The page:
Gospel Reflection: Twenty-Eighth Sunday in Ordinary Time
Malvern Minute



OCTOBER 9, 2016

Alleluia, Alleluia.

In all circumstances, give thanks, 

for this is the will of God for you in Christ Jesus.

Alleluia, Alleluia.

The Gospel of Saint Luke 17: 11-19

As Jesus continued his journey to Jerusalem, he traveled through Samaria and Galilee.  As he was entering a village, ten lepers met him.  They stood at a distance from him and raised their voices, saying, “Jesus, Master! Have pity on us!

And when he saw them, he said, “Go show yourselves to the priests.”  As they were going they were cleansed.  And one of them, realizing he had been healed, returned, glorifying God in a loud voice; and he fell at the feet of Jesus and thanked himHe was a Samaritan.

Jesus said in reply, “Ten were cleansed, were they not?  Where are the other nine? Has none but this foreigner returned to give thanks to God?”  Then he said to him, “Stand up and go; your faith has saved you.”

The Gospel of the Lord



By now, we are familiar with Saint Luke’s use of the phrase: Jesus continued his journey to Jerusalem.  This phrase is not so much an indication of geography, as it is an acknowledgement that Jesus is determined to let nothing dissuade Him from going to Jerusalem even though He knows that it will mean His death.  Yet, even though He is intent on His journey to His Passion and Death, He shows no hesitation to stop and respond to ten individuals who have been carrying their crosses of leprosy for years.

The term leprosy (lepros in Greek) occurs 68 times in the Bible; Thirteen times in the New Testament alone.  In the Scriptures the term refers to any skin condition that looked suspicious.  Not only did these conditions most times imply physical suffering, but the identified person was socially and religiously ostracized.  Lepers had to live on the fringe of society, and were forbidden any human contact.

In the Gospel, a story of leprosy takes on a more significant role.  It involves not only the leper and his plight, but the story also exposes the way people treated lepers and all those that they thought were inferior to them because of physical conditions, social status, or religious purity.  In other words, biblical leprosy addresses both the physical disease, as well as the spiritual deformity of the on-lookers who are contaminated by selfishness which ostracizes anyone who is not good enough for them!  From this perspective, the Gospel is a condemnation of self-righteousness, as well as a demonstration of the Lord’s mercy for the abandoned, the isolated, and the forgotten.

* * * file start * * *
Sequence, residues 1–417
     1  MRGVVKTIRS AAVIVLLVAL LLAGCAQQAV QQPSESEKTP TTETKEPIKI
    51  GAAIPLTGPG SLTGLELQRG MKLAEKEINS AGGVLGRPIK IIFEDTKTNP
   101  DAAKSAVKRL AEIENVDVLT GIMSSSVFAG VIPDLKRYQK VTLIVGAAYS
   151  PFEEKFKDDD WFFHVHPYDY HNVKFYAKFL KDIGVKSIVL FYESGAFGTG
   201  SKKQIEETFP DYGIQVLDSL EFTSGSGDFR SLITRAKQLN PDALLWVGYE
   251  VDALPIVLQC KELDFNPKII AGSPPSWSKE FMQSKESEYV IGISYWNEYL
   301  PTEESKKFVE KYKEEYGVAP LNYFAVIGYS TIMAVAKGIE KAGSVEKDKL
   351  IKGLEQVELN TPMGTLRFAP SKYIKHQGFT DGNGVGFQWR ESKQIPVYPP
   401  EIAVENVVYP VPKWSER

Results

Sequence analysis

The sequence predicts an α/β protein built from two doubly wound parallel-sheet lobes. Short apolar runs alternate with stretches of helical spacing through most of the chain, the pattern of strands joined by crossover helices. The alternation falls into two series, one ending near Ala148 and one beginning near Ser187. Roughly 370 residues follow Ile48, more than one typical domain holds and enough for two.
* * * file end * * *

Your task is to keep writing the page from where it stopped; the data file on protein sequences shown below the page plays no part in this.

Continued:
In their desperation, the ten lepers cry out with one voice: Jesus, Master! Have pity on us!  This is one of only three occasions in the Gospel in which Jesus is called upon for help by name.  The lepers are making their request on the most personal level, and yet, at the same time, the Gospel is identifying the significance of praying in the name of Jesus, who is the all-powerful Master!

Saint Paul in his Letter to the Philippians provides an early Christian hymn that celebrates the sacredness and power of the name of Jesus: God greatly exalted him and bestowed on him the name that is above every name, that at the name of Jesus every knee should bend, of those in heaven and on earth and under the earth, and every tongue confess that Jesus Christ is Lord, to the glory of God the Father (Philippians 2: 9-11).

One out of the ten lepers who were cured returned to thank Jesus.  With today’s economic conditions, a ten percent return on an investment would be considered good.  Thankfully, God is not a Wall Street investor.  While only one returned, Jesus was sent by the Father for the salvation of all.  The Good Shepherd is always searching and on the lookout: Where are the other nine?

Thanksgiving is the hallmark of a true and deep conversion of heart.  The process begins by crying out for the Lord’s attention and mercy; God responds by offering healing of body and soul.  In turn, we, lepers need to be open to God’s merciful healing, and to be grateful for His generous love.  It is no accident that after a week of receiving God’s blessings, we, the Church gather for the celebration of Mass, the Holy Eucharist which means THANKSGIVING!  Weekly, we demonstrate the depth of our spiritual conversion from the world’s ways to the way of God by offering the Eucharist – the greatest expression of Thanksgiving.

Like leprosy, sinful selfishness begins in a small way.  Self-centeredness begins with small gestures, but soon it can infect more and more of our relationships, especially our relationship with God. The Gospel alerts us that we must be constantly vigilant that we do not fall victim to biblical leprosy in which we even forget to thank God for the blessings we have already received: the healing waters of Baptism, the forgiving power of Reconciliation/Penance, and the life-giving power of the Holy Eucharist!



Consider joining the Men and Women of Malvern by deepening your personal relationship with Jesus and your commitment as a disciple through a weekend retreat.  See our website for details: MalvernRetreat.com



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